Don't think that it doesn't apply to you or your church, be ready and prepared. Unfortunately, due to the political systems in the UK, families who have children with autism or suspect their child has autism, are being failed. So many cutbacks in health, education and social care, means they are not getting the support they need. It means fighting for medical and care services, crazy waiting times (years for diagnosis) and even fighting for the right to attend school. It's a heartbreaking situation to be in. Families need our support. Pray for them!


Back when David Cameron was Prime minister, he talked about how in this time of austerity - churches needed to step up and fill in for where services would see reduced funding. We, (families with children with autism) are feeling the devastating effects these cuts have had and over the years it has become worse. Part of me, does feel that this is all part of a long term political plan to destabilise the NHS so that we {country} will all want and be ready for medical privatisation but that's another post in itself...


Whilst austerity is apparently over, presently there are no plans to increase funding in these much needed areas. Pray for this!


Cultivate a heart for those on the edge

I can understand that perhaps helping children with difficulties, may seem scary - but it needn't be. Perhaps they have behaviours that other parents worry will influence their children, perhaps they have no idea on how to integrate and have no idea how to mix? God is so much bigger than this - teach your church attending parents not to fear and trust God with their children. Train your children's workers and volunteers, have strategies in place. (I will post further about this). Pray for your congregation to have a heart for acceptance for ALL people and if you personally struggle, pray that God will give YOU a heart, an understanding, empathy to help and accept those who may act a little different and may require some changes to the way things are done. This is okay, following Jesus often requires us to change, as we become more like Him.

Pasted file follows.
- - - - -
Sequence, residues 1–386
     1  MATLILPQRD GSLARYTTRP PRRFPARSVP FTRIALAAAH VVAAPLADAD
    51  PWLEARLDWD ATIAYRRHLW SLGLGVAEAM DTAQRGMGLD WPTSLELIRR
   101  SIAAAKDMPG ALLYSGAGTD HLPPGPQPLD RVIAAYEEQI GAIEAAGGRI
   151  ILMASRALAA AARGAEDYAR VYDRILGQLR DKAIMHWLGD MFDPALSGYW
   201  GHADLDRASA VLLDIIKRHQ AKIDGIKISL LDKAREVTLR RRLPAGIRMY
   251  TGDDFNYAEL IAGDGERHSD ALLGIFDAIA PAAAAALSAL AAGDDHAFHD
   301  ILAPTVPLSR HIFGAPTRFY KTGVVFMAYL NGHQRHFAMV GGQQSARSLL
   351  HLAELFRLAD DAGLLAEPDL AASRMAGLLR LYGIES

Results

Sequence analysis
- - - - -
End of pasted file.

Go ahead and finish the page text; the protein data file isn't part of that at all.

A Church for all

Parents battle tirelessly for their children to have the same rights as typical children, they need support too. Be ready for how you can support them as a church community. (I will post more about this later.) Each church member has different gifts to offer, find out about them and tap in. This could be an exciting new ministry where new gifts and talents are released and potential for a whole new community to come to know Christ. View this as positive, not with fear. There is a whole community that needs Jesus love.




It is so important - prepare your congregation for acceptance, which includes change in how things are done. Pray for a change in hearts, to be ready and prepared for helping those who are not typical. This is the first step in supporting families with autism.


Do you feel your church offers acceptance to children with autism or related/other needs? Do they help support the family as a whole?


Below are links to the rest of this series:

How church leaders can help support families with autism children Part 1: Acceptance

How church leaders can help support families with autism children Part 2: Building

How church leaders can help support families with autism children Part 3: Training

How church leaders can help support families with autism children Part 4: The Service

How church leaders can help support families with autism children Part 5: Pastoral Care


#purposefilledstories #acceptance #church #christian #beprepared #services #meltdowns #culture #autism #additionalneeds #children #prayer #pray #childrenwithautism #parentingchildrenwithautism